Rhonwn was jolted awake by a kick to his foot. Pain coursed through him, but he was used to it. He had lived with a broken leg for the past month and at times he felt the pain in his sleep. He didn’t cry out because his healthy leg had been the one kicked; by that he knew that Flane had launched the blow.
Rhonwn opened his eyes and looked around the camp of Lacsil and the Bloody Hand of Sageeza. It was a warm night near the end of summer but there was a large fire burning in the center of the clearing. The night was dark, made darker by the moon in its new phase, but light wasn’t the only thing the fire provided: it was also a source of comfort.
He knew that these men needed that comfort more than the food it cooked or the light it provided. They were in the middle of the woods, far from their homes and far from what they called civilization. They only had each other, their fire, and the maps. And a gypsy map reader that each and every one of them despised.
Rhonwn looked at Flane then. The man had a plain face, brown hair, and an ear whose top had been removed by a sharp edge of some kind. He held a bowl in one hand, a scroll tube in the other, and had the same scowl on his face that he always had when it was his turn to feed the prisoner.
Rhonwn the despised gypsy prisoner said, “Hello, Flane. Nice night, isn’t it?” He didn’t extend a hand to shake, or rise from leaning against the tree at his back. The reason wasn’t rudeness; he simply couldn’t do either of those things. After the escape attempt that had earned him his broken leg, Rhonwn had been trussed up like a pork loin except when absolutely necessary. Aside from the debilitating pain of his broken leg, which had been immobilized but not set properly, the gypsy had been wrapped in rope to secure his arms to his sides, with a loop linking his wrists to his neck. His good leg was bent double and circled by rope as well. As a final precaution, short loops were staked to the ground and attached to his other bonds to prevent him from rolling away into the woods or some other impossibility.
Flane actually answered Rhonwn’s question, saying, “Passable.” The man knelt next to the gypsy and made himself comfortable. The waxed leather tube was set to one side and Flane took hold of the spoon in the bowl to feed the prisoner.
Rhonwn swallowed the first spoonful, grateful that it had all gone into his mouth. The soup was thin and tasteless but it was better than nothing. In an effort to distract himself from the ignominy of being fed like an infant he said, “You don’t treat me as badly as some of the others, Flane, but I know you don’t like me any better. Why?”
“You may be scum, gypsy,” said Flane as he spooned more soup into Rhonwn’s mouth, “but that’s all. I might treat my worst enemy like a diseased dog, but you’re not worth the effort.”
Rhonwn was surprised by being answered as much as by what that answer was. For the past three fortnights he had been talked at but never listened to unless it concerned the trail or the maps that his father Bobere had made to supplement his faulty memory. Perhaps he should have tried talking to Flane earlier.
“That’s an interesting point, Flane, if not a flattering one,” said Rhonwn. “If you don’t mind my asking, why are you part of the Bloody Hand? If it’s too much trouble to torment me, why throw in with a group that wants to destroy all gypsies?”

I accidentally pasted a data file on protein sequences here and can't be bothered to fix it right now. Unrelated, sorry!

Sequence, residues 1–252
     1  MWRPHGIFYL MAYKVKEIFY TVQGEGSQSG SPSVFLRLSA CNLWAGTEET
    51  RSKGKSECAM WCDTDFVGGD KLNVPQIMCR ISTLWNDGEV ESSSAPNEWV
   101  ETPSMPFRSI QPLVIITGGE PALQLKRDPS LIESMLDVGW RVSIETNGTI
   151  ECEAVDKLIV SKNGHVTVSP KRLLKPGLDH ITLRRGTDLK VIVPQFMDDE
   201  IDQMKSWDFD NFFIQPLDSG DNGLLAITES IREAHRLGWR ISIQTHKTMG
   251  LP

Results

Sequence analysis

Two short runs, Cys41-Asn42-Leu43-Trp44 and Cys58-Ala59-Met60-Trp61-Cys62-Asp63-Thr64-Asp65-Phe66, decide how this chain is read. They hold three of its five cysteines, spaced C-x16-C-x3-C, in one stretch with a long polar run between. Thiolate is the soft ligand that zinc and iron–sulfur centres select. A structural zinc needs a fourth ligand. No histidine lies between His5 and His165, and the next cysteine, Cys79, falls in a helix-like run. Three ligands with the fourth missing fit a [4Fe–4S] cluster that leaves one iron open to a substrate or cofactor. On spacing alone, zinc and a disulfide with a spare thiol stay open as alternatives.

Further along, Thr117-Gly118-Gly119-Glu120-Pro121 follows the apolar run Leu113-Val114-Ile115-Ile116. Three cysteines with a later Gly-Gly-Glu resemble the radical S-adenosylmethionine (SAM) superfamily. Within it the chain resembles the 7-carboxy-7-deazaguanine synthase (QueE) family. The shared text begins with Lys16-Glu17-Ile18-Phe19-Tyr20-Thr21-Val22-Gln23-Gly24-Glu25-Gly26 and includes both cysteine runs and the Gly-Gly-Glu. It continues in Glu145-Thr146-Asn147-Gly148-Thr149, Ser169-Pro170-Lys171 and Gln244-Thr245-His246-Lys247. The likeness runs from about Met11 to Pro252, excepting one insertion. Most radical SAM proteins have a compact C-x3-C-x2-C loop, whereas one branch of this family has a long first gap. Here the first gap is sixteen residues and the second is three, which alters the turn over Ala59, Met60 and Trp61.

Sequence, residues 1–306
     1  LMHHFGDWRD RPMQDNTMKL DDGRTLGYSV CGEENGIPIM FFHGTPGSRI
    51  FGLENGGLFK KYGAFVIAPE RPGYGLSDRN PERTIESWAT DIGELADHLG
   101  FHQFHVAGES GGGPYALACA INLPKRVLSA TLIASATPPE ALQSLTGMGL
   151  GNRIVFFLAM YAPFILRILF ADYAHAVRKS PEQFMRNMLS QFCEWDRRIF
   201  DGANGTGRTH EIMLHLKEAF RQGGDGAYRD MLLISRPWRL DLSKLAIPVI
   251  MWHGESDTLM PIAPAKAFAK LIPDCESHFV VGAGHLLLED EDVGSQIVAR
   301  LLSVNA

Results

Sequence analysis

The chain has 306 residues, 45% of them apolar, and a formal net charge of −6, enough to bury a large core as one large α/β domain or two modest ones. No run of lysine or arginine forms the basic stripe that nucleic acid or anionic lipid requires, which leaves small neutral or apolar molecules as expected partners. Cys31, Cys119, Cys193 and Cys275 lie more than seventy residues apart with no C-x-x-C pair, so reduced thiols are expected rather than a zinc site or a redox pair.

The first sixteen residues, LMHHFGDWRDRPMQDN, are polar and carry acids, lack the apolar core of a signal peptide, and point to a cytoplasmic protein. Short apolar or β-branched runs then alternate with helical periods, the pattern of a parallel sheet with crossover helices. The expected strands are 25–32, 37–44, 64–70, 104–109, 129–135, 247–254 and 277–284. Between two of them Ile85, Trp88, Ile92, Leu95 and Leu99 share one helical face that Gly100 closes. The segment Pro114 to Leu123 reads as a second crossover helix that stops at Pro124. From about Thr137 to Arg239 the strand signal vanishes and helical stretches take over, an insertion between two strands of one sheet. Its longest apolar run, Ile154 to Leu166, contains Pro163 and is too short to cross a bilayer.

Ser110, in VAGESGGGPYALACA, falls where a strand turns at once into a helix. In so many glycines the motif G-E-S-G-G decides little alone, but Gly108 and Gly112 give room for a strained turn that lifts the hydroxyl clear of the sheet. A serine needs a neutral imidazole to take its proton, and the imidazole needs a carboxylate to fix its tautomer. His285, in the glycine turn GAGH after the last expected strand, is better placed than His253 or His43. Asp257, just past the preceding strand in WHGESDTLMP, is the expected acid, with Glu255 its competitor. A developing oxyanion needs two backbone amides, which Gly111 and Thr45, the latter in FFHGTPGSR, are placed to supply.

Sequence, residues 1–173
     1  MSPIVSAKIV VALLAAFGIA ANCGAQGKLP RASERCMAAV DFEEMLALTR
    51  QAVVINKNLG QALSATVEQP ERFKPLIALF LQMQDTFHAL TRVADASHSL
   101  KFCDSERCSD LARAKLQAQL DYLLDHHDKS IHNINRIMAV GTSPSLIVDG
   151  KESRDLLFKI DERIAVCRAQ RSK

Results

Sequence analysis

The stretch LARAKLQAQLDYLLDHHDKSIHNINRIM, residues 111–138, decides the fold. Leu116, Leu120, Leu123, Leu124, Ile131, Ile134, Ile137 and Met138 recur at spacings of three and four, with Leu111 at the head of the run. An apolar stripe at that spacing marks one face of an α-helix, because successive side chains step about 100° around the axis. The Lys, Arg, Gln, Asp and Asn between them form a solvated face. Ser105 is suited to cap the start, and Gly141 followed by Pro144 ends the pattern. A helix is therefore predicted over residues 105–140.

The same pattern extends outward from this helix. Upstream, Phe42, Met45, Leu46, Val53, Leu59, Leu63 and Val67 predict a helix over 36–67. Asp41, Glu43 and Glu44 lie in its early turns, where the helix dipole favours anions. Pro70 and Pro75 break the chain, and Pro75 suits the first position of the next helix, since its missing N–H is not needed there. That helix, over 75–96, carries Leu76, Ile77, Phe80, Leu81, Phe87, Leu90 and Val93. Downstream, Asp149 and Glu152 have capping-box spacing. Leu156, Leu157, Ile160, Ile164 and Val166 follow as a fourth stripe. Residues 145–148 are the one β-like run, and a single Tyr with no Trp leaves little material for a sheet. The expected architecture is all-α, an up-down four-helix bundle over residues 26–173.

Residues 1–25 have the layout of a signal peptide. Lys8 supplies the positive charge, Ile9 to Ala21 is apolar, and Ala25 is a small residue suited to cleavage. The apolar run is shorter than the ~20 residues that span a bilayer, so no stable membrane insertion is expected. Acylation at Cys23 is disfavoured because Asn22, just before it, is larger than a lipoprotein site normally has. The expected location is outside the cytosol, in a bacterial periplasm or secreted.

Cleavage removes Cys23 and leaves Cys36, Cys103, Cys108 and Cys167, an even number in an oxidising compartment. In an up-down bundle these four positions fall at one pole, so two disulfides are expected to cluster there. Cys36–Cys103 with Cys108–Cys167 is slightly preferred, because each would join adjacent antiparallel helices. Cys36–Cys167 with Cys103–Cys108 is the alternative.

Half of the bowl was fed to Rhonwn in silence before Flane answered that question. He finally said, “Because you don’t follow the rules.”
More silence followed, and Rhonwn thought he wasn’t going to get anything more, but eventually Flane did continue. “You gypsies … you’re too different. You move around the kingdom, never staying in one place long, never suffering the consequences. You know about Lacsil, right? How he lost his right thumb because he was blamed for gypsy mischief? Well everyone here has a similar tale. And it’s all down to consequences. We just want to give you what you deserve.”
Four more spoonfuls of the tasteless soup later, Rhonwn finally asked, “What’s your story?” His eyes strayed to the man’s cut ear.
“My sister,” said Flane without a pause, and Rhonwn’s gaze snapped back to Flane’s face in surprise. “She was happily married until a gypsy seduced her. Wouldn’t have been more than a brief storm in her relationship if she hadn’t had a baby.”
Rhonwn’s own romantic escapades made him feel a little guilt at Flane’s story, but he had to interject at the last bit. “We try our best not to leave children among you. Draughts, sheathes, even charms. How are you sure the child was not her husband’s?”
“That was the problem, you see,” Flane said, his eyes on the bowl in his hand. “Ahleen and Imaad, my sister and brother-in-law, were both blond and fair-skinned, while the baby, Weerit, was black-haired and somewhat dusky. But he looked like his mother, and his father’s family had its share of dark hair. And yet, there was the matter of the dalliance which cast doubt on everything. Maybe the child was Imaad’s but no one could tell for sure. He left Ahleen, said he couldn’t take the talk. Ahleen killed herself in shame.
“Consequences, gypsy. Consequences.”
Guilt flared up again, even as Rhonwn tried to blame the stranger’s death on the ridiculous morals of the rooted-folk. Then he recalled that the expedition he was now an unwilling part of had been enabled by a liaison of his own. A young woman in Beeikar, somewhat plain but pleasing in bed, had expected more of him than one night of pleasure. He had neatly avoided contact with her without thought to her feelings. The consequences of letting slip the secret of his father’s maps to her, combined with the consequences of ignoring her, were obvious; she had been well motivated to reveal that secret to the Bloody Hand of Sageeza.